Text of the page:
BENNINGTON — Police have ruled as accidental the death of a woman whose body was found half-submerged in the Roaring Branch a year ago. The Bennington Police Department earlier described the death as “suspicious,” citing trauma on the woman’s head and minor body injuries.
An autopsy revealed that Bridget Osgood, 45, died from a broken neck. But the examination couldn’t determine the circumstances resulting in her death, including whether someone had a hand in it.
BPD Chief Paul Doucette said last October that police were investigating her death as if it were a homicide.
After 12 months with no word on the case, local police responded Tuesday to a Banner inquiry by saying Osgood’s death has been deemed an accident. The news came exactly a year after a man walking his dog found her body in the Roaring Branch off Caroline Drive, on Oct. 13, 2019.
After collecting evidence and conducting interviews, investigators now believe Osgood suffered a broken neck when she fell on the river rocks.
“We speculate that it was probably dark when this took place and lost her footing and struck her head on one of the large boulders in the river bed,” Acting Detective Sgt. Chris Lauzon, the BPD’s lead case investigator, said in an interview. The Vermont State Police’s Major Crime Unit assisted in the investigation.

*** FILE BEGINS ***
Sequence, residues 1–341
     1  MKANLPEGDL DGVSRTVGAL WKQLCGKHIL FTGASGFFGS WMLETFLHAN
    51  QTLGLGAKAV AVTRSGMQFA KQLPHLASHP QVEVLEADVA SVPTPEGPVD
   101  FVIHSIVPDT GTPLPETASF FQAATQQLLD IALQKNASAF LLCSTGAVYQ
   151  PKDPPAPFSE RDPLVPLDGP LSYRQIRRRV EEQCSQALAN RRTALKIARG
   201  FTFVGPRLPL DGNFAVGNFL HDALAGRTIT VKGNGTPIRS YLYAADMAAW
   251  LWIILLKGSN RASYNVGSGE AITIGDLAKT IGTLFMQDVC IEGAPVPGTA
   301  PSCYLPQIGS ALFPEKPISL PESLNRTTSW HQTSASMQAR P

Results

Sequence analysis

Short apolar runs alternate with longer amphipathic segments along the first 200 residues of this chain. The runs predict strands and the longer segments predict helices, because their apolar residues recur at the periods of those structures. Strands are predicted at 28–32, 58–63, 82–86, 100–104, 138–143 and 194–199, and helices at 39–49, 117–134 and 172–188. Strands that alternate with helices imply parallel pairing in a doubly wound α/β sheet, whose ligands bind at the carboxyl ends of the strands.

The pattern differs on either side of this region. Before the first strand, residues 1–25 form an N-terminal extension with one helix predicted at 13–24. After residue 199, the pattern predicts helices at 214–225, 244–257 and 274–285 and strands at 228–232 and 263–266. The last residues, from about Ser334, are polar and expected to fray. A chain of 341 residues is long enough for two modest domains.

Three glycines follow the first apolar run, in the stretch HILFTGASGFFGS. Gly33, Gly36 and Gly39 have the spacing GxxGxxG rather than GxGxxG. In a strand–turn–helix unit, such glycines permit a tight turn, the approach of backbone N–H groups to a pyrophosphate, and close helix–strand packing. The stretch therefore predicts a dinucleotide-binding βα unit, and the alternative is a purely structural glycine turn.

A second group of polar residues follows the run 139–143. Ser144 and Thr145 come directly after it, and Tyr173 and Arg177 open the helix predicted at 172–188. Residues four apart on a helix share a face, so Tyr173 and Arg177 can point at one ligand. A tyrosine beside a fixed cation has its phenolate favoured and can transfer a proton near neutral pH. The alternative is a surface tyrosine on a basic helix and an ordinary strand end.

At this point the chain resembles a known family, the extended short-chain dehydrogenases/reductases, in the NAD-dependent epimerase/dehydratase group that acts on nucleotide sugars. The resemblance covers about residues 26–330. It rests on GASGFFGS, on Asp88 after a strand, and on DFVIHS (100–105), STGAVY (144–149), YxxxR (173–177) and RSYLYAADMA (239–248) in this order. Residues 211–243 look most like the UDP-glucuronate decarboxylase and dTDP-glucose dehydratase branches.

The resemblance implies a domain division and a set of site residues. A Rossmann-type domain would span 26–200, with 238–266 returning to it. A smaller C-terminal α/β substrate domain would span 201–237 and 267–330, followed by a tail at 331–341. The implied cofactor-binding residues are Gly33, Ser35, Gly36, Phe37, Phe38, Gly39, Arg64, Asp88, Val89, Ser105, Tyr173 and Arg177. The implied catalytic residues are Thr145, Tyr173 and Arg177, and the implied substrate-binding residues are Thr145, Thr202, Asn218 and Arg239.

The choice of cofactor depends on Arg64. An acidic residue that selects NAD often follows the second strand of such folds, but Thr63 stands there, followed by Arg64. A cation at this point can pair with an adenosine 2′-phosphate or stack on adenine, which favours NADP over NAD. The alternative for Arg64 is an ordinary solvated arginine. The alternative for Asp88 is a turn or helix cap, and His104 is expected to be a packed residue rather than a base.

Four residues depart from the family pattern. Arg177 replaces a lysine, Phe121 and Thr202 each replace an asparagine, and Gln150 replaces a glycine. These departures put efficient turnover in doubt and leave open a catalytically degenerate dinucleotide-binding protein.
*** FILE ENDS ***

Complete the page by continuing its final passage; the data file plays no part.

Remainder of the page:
Osgood’s cellphone was never found, Lauzon said, but a review of her phone records showed it last connected to the network in the early morning of Oct. 8, 2019, five days before her body was found. Police think she could have died anytime during that timeframe.
What Osgood was doing in the river was a question that investigators had from the start. They still don’t have an answer, but know the area was familiar to her.
“There was a spot down there that she and her boyfriend used to frequent in the warmer months, where they would sit by the river,” Lauzon said.
When asked if anyone had been with Osgood on her last trip to the Roaring Branch, the detective said police found no evidence she’d had company.
Osgood’s boyfriend, a Bennington resident who has declined to be named, earlier told the Banner he last saw her on Oct. 7, when they broke up and she moved out of his house.
She reportedly had been absent from work at the Mack Molding plant, located in Arlington, for a number of days but hadn’t been reported missing.
Tony Osgood, her estranged husband who lives in Pownal, had said they’d been separated for five to six months when she died.
The men couldn’t immediately be reached for comment on Tuesday. Police have said her survivors include two children.
Lauzon said Osgood’s family has been informed that her death was ruled an accident in June.
As of Saturday, her boyfriend told the Banner he hasn’t heard back from police about how their investigation has progressed.
After Osgood’s body was discovered, he said, state police came to his house at least twice to take photos, collect some of Osgood’s belongings and inspect his backyard that led to a portion of the Roaring Branch.
Lauzon acknowledged that police interviewed Osgood’s boyfriend as well as “other persons of interest that were close to her.” But the information police gathered did not lead them to believe these people were involved in her death, he said.
Should new evidence surface that contradicts Osgood’s death being an accident, Lauzon said police would reopen the case.
“We come up with the best conclusion that we have at this point,” he said.